Serverless .Net Core(2.0) application with AWS Lambda: Step by step guide


Note – You can find the source code of my sample application here.

Amazon has recently announced the .NET Core 2.0 AWS Lambda runtime.

In this post, we will see how to create Server less .Net Core 2.0 application using AWS Lambda.

Let us first see what is Serverless computing?

  • Serverless computing allows you to build and run applications and services without thinking about servers
  • Serverless applications don’t require you to provision, scale, and manage any servers
  • You can build them for nearly any type of application or backend service, and everything required to run and scale your application with high availability is handled for you
  • Building serverless applications means that your developers can focus on their core product instead of worrying about managing and operating servers or runtimes, either in the cloud or on-premises.

Let us start Step by step guide.


  • Visual studio 2017 community edition, download here
  • .Net Core 2.0 SDK from here (I have written a post to install SDK here)
  • AWS Free account here.
  • AWS Toolkit for Visual Studio 2017 here

As mentioned above, install AWS toolkit for Visual Studio 2017 and once you install it successfully, it would show below screen when you open Visual Studio 2017:


AWS Serverless application in VS 2017

Next step is to create AWS Serverless application, for this, you can get the readymade templated under Create New Project -> Visual C# -> AWS Lambda -> AWS Serverless application(.Net Core):


Once you click on Ok, Blueprint selection page will open, in that select ASP.Net Core application and then click on Finish:


Once you click on Finish, Visual Studio will create a well-structured application for you:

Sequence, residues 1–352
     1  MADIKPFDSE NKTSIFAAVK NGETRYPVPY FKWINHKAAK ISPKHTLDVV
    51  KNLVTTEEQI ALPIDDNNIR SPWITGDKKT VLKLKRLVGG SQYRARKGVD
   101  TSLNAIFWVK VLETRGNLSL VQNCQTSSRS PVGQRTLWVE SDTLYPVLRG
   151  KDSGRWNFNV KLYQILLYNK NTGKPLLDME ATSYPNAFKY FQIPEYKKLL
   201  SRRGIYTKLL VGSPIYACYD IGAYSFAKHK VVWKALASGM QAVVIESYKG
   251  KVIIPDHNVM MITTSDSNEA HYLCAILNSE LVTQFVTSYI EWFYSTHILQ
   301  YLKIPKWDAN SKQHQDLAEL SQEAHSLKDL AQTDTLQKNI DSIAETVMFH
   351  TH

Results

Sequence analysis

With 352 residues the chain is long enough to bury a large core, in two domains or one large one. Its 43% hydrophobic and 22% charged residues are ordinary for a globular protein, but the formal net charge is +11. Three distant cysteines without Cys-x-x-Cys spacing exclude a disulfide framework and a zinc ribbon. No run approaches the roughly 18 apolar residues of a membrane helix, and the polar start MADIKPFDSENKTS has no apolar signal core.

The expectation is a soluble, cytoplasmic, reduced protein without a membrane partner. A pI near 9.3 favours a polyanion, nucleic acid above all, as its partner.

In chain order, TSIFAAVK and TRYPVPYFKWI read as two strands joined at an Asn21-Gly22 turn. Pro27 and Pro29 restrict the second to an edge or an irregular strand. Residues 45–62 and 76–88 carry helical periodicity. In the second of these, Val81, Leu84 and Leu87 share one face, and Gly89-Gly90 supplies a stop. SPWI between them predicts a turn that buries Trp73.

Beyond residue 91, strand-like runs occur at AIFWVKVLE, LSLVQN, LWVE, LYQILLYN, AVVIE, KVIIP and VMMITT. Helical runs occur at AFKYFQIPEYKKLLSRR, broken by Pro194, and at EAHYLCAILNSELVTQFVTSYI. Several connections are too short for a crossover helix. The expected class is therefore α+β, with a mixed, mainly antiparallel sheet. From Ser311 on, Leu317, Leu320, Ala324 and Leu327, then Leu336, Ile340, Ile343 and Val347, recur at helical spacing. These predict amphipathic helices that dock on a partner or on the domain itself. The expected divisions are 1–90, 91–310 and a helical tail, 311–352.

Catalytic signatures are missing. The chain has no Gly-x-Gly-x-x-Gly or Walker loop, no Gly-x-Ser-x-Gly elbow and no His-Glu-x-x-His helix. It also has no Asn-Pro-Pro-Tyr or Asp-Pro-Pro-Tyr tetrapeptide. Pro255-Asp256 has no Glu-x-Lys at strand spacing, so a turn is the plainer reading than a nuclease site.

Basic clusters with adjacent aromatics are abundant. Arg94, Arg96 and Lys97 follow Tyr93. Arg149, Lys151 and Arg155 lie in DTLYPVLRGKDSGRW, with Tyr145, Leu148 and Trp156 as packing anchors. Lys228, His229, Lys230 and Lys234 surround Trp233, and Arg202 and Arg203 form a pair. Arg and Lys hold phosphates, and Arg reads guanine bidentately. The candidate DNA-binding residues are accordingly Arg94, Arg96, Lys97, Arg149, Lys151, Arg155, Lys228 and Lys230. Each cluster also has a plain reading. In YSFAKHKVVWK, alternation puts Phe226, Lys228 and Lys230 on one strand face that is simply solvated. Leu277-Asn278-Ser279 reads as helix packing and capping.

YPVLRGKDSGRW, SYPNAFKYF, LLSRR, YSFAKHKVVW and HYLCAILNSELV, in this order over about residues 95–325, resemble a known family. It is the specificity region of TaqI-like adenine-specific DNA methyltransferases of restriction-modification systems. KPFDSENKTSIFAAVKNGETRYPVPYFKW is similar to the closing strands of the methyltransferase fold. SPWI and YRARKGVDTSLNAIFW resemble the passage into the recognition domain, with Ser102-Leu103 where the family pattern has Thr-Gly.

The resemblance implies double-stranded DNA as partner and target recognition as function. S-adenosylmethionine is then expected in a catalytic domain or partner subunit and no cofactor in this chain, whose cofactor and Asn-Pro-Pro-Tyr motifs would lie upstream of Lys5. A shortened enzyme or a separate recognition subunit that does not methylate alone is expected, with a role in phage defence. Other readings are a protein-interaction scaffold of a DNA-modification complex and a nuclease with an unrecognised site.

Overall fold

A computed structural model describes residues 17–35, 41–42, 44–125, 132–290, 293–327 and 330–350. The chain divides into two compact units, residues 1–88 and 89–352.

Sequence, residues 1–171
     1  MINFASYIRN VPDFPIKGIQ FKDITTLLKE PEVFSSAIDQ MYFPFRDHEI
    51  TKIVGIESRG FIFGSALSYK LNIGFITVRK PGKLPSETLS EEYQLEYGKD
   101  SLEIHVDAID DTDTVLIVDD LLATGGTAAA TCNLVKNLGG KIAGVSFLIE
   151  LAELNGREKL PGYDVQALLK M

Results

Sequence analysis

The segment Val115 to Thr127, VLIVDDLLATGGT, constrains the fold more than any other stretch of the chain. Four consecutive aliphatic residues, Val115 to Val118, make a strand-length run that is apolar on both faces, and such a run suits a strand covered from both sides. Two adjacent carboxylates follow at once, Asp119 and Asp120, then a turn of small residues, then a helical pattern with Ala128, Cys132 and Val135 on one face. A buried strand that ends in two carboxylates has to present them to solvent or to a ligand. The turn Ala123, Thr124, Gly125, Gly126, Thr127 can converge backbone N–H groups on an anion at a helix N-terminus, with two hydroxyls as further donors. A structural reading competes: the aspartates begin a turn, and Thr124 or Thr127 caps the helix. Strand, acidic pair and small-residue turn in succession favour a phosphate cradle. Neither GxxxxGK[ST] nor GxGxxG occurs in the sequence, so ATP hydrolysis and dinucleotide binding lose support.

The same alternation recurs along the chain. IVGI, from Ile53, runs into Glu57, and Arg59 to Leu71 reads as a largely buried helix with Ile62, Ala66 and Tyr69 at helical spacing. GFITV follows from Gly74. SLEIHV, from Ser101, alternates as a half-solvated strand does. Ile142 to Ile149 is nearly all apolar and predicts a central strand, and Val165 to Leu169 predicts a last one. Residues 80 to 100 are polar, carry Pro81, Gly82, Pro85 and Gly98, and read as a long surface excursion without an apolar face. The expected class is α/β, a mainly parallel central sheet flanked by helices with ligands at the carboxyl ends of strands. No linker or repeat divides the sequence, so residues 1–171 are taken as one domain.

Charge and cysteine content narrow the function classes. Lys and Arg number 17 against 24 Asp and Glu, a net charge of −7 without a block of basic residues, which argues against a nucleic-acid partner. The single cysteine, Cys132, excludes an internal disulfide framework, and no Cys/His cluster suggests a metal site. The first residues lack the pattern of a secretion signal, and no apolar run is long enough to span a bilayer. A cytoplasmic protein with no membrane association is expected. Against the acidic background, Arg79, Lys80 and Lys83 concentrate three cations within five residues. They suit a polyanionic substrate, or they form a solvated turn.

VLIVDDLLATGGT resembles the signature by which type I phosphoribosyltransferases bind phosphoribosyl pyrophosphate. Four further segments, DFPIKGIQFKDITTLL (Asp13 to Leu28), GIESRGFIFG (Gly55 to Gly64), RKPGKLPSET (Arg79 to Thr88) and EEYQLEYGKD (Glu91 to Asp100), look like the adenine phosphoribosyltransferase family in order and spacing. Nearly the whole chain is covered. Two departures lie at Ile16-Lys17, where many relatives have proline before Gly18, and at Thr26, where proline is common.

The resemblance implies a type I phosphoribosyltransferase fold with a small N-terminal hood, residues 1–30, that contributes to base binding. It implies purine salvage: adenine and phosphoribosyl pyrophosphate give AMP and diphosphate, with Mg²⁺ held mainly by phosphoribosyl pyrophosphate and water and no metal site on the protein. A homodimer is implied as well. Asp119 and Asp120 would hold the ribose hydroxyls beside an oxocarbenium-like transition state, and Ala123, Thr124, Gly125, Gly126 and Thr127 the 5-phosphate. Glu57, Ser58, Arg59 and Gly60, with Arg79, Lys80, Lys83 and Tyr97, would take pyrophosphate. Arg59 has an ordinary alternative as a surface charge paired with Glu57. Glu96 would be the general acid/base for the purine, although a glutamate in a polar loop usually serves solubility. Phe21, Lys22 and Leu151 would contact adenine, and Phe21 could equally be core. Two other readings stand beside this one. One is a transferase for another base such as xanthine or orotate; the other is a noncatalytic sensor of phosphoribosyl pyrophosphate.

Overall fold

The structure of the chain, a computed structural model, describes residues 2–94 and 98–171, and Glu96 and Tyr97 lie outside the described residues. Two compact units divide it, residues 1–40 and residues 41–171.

If you look at the structure, it is almost similar to other .Net Core application structure but the differences are:

  • LocalEntryPoint.cs class instead of Program.cs class which is used to run the ASP.NET Core project locally
  • New LambdaEntryPoint.cs class which is the entry point for Lambda functions and it extends APIGatewayProxyFunction
  • aws-lambda-tools-defaults.json – default argument settings for use with Visual Studio and command line deployment tools for AWS
  • serverless.template – an AWS CloudFormation Serverless Application Model template file for declaring your Serverless functions and other AWS resources

If you run the application locally, it would have landing page as below:


Deploy the application to AWS Lambda

Let us deploy our application.

Right click on solution and click on Publish to AWS Lambda:


The next window will ask for the details of the serverless application.

Click Add another account icon which will ask for below details:


You can get the Access key details by clicking on My security credentials -> Access keys (access key ID and secret access key) -> Create new access key on your AWS console.

Once the key is generated, you can either see the keys or you can download the keys:


Go back to Visual Studio and add Access key Id, Secret Access key, Profile Name, Account Number(You can find it under My Account tab):


Once you click on Ok, it will fetch the details from your AWS account.

Add new bucket if you do not have any buckets(note that you can use different IAM users as well):


Once you click on Publish, the creation of the AWS CloudFormation stack is initiated:


Once the creation is completed, the AWS CloudFormation stack view is launched. It contains the AWS Serverless URL:


This link is nothing but your applications’ URL.

Click on the URL:


Congratulations, your application is now hosted on AWS and it is serverless.

You can check your application in S3 bucket on AWS console:


Note – You can find the source code of my sample application here.

Hope it helps.





14 thoughts on “Serverless .Net Core(2.0) application with AWS Lambda: Step by step guide

  1. Hi, not sure if it’s a risk but we can totally see your “blacked out” access keys and account information in that one picture.


  2. Just want to know if it is worth time spending on getting the app to Lambda. It is a software used on all computers.


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